Bravo to the one sane voice in Europe. Why doesn’t the Financial Times laud François Genoud, the principal financier of the Nazi diaspora through the ODESSA network and Islamic terror groups during the post-World War II 20th century? It is alleged that Genoud was Soro’s mentor back in the day.
When three PFLP members stood trial after blowing up an Israeli jet in Zurich, the legal costs for their defence were paid by Francois Genoud, an elusive Swiss banker described by the London Observer as “one of the world’s leading Nazis.” Genoud had previously picked up the tab for Adolf Eichmann’s legal defence, and a number of other Nazi war criminals and Arab terrorists would also benefit from his largesse. Where did the money come from? According to European press accounts, Genoud was managing the hidden Swiss treasure of the Third Reich, most of which had been stolen from Jews.
After World War II, Genoud served as the financial advisor to the Grand Mufti. In 1958, the Swiss Nazi set up the Arab Commercial Bank in Geneva to manage the war chest of the Algerian National Liberation Front, whose partisans were fighting to free their country from French colonial rule. Several Third Reich veterans, including Maj. Gen. Otto Ernst Remer, who had served as Hitler’s bodyguard, smuggled weapons to the Algerian rebels, while other German advisors provided military instruction.
Genoud was alleged to be Soros’ mentor. The Financial Times should honor them together.
THE HUNGARIAN GOVERNMENT HAS HIT OUT AT THE FINANCIAL TIMES NAMING GEORGE SOROS THEIR “PERSON OF THE YEAR”.
The famous salmon-coloured newspaper, something of a house magazine for the British establishment and financial elite, praised the billionaire currency speculator and convicted insider trader as “the standard bearer of liberal democracy and open society”.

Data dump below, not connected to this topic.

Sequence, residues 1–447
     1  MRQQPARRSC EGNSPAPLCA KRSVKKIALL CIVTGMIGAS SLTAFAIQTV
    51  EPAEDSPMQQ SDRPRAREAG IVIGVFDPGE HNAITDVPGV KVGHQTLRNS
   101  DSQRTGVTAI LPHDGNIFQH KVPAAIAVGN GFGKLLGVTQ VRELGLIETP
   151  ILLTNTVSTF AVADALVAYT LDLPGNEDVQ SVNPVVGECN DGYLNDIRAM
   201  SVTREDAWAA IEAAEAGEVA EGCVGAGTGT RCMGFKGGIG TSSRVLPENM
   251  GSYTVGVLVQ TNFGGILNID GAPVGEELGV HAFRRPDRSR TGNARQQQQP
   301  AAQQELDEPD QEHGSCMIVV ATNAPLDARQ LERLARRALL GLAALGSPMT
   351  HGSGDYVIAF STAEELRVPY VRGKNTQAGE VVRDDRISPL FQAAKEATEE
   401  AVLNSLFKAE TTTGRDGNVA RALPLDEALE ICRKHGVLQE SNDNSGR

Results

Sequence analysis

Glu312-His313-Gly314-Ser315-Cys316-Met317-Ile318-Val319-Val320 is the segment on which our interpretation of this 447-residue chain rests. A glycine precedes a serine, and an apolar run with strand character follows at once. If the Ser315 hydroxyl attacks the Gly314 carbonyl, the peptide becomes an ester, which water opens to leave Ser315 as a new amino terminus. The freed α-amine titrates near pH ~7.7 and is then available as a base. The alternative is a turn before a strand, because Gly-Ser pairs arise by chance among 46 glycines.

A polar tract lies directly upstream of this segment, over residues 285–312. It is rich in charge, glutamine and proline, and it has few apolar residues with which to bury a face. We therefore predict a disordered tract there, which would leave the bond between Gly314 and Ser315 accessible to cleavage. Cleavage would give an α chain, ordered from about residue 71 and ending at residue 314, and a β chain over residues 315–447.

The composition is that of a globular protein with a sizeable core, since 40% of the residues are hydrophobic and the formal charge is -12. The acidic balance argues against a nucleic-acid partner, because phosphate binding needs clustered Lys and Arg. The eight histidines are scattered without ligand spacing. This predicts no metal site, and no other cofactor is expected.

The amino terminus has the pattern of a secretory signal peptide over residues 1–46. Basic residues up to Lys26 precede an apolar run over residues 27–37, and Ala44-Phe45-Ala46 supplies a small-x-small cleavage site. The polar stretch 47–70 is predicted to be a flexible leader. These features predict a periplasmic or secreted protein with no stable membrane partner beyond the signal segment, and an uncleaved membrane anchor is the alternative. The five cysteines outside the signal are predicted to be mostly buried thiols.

Hungary’s conservative-populist government, which shares a mutual antipathy with the 88-year-old plutocrat on the subject of mass migration — opposed by Budapest, encouraged by Soros — has offered an assessment very much to the contrary, observing: “To the Financial Times, he’s Person of the Year, but to many ordinary citizens, Soros is an enemy of their democracy.
“The FT and much of the liberal, mainstream media just cannot talk in any depth about Soros as the ambitious political actor that he is, a man with an ideologically-driven agenda who puts money behind people and causes that are highly political in nature. He talks and writes candidly himself about his political schemes, plots for which he has zero political mandate,” the Hungarian observed.
“The irony here? The ‘standard bearer of liberal democracy’ funds political movements to undermine democratically elected governments and decisions – like Brexit – taken by popular referendum.”
It is true that Soros, a Hungarian-born American citizen, has indeed ploughed hundreds of thousands of pounds into the movement to overturn Brexit, and facilitated meetings between powerful EU loyalist politicians and party donors from both the governing Tory party and the Labour opposition at his Chelsea mansion.
Kovács also raised the “tens of millions of [United States Dollars]” which Soros spend “lobbying the U.S. government against Hungary” in 2017, and similar efforts in the EU capital of Brussels.
“Soros and the NGOs that rely on his funding for survival continue to back a radical, open borders, pro-immigration agenda at a time when the migration crisis is putting difficult strains on states to protect Europe’s borders and posing serious security concerns. That stands in stark opposition to what the citizens of Hungary – and those of many European countries – want,” he warned.
“I could list many other examples… his ideological zeal to push for an open society that seeks to undermine national sovereignty and run roughshod over the will of the citizens knows no boundaries.”
Article posted with permission from Pamela Geller
Become an insider!
Sign up to get breaking alerts from Sons of Liberty Media.